You’re busy, I’m busy. So I keep these tips to five pithy paragraphs. Spread the word if you find them worthwhile!
People quite often ask me what it’s like to read the TV news. “Don’t you get nervous speaking to all those people? How do you concentrate with all that chatter going on in your ear through your earpiece? It must take lots of training!” My response is always that it’s a lot easier than you might think. But at a networking event the other day, somebody put it to me another way.
“I imagine it’s a bit like what we’re doing right now,” she said, looking conspiratorially around the room. “You’re concentrating on what one person’s saying, and talking to them yourself, but let’s face it, all the while you’re perfectly aware of what’s going on around you and maybe even half listening to a conversation next to you …”
I thought to myself what an honest and accurate assessment that was. Yes, as a newsreader you of course want the audience to have your undivided attention — you want to convey the gravity, or humour, of a news story in a way that is appropriate. But you will also be tuning in to the director in your ear telling you that the next live interview is ready, and they’ll be in the big screen over your left shoulder … stand by, ten seconds …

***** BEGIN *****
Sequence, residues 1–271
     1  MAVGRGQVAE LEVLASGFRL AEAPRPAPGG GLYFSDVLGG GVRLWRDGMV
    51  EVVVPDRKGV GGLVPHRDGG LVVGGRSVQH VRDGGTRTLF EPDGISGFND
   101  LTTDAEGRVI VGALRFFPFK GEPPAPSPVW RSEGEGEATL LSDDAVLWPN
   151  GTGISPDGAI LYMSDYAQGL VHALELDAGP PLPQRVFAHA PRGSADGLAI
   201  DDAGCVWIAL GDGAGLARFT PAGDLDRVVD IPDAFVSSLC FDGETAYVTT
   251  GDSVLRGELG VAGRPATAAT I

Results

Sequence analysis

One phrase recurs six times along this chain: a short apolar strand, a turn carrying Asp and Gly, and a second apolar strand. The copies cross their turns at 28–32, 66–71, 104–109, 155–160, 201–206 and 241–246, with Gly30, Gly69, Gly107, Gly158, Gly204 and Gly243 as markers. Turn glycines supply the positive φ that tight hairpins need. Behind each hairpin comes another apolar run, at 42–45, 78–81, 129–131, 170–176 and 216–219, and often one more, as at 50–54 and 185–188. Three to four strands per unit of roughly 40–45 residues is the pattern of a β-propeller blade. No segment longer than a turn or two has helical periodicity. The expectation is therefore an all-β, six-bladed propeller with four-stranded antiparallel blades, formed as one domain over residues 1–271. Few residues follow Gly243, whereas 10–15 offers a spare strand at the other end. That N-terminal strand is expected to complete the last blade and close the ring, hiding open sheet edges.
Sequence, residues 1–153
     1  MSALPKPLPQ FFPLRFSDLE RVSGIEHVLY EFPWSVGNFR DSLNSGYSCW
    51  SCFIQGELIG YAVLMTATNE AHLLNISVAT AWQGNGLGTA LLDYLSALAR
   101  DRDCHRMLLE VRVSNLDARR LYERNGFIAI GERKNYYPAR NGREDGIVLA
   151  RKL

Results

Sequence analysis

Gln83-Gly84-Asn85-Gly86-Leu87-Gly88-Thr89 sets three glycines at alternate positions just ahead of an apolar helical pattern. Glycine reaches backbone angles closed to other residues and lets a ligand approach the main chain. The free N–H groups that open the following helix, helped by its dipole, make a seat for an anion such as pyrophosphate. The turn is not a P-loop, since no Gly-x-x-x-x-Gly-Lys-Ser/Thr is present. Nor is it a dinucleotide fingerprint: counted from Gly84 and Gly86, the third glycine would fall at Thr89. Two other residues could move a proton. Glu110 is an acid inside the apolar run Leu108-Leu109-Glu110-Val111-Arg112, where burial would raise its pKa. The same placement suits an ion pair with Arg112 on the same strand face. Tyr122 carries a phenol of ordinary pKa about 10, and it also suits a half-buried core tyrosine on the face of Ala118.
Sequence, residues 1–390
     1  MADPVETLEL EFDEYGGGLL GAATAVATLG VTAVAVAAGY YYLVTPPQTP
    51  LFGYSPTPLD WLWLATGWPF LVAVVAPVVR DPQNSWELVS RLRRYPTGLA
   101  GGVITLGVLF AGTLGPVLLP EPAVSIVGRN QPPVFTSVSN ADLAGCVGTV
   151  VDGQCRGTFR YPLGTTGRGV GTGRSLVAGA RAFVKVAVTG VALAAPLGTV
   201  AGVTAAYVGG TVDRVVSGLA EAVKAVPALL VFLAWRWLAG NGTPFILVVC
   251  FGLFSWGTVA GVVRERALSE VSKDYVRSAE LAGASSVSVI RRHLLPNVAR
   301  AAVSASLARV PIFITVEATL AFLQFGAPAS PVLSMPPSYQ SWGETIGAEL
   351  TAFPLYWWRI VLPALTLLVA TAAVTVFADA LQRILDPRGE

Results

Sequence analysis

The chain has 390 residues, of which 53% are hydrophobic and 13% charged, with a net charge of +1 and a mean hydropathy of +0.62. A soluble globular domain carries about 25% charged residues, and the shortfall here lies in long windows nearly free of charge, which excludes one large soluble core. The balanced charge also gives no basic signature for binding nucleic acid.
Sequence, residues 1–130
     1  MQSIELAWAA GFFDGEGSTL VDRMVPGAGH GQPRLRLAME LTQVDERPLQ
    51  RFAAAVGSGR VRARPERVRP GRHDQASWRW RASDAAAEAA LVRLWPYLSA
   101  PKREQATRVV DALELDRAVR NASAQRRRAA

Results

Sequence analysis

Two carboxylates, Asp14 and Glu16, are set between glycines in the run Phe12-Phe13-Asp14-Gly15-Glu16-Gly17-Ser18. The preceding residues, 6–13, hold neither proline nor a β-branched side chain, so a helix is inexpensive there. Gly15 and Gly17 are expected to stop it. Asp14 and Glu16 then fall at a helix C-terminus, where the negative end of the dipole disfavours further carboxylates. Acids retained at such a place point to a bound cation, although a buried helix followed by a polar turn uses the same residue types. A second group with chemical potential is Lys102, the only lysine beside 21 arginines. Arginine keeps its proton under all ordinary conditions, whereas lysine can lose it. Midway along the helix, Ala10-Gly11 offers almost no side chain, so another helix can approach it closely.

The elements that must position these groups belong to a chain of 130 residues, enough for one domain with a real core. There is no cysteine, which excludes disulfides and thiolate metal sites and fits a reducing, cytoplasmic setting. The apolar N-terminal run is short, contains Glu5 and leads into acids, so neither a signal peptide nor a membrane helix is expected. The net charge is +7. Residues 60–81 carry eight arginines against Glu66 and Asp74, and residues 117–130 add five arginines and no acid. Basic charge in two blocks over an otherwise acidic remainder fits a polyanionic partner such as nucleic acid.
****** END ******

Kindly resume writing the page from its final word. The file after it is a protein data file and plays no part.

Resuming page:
It’s a form of multi-tasking. And we all do that. So my tip this week isn’t about how to read the news. It’s about self belief. If there’s a job in your workplace that you really want, but you’re sure you couldn’t possibly do it because you lack the technical skills, ask yourself whether you might be using those skills already but in a different place … out networking, perhaps, or organising the kids each day, or performing in your team on the sports pitch.
Of course, it may be the case that people in that job you crave rather like to give the impression it’s all terribly difficult, and only a gifted few could possibly do it. But I’d urge you to question that. Heart surgeon, airline pilot, rocket scientist — I certainly don’t have the technical expertise to do them. But some things don’t need great technical expertise. Reading off an autocue, in my view, is one of them. Maybe your next job is one of them, too.
You can find out for yourself how easy it is to read off an autocue on the homepage of my website — or by coming to my next newsroom themed workshop in Brighton on 10 November! And if you’d like to actually see and hear what’s going on behind the scenes of a TV studio, my ‘Secret Life of a the TV News’ illustrated talk may be a perfect ice-breaker for your next conference or away-day.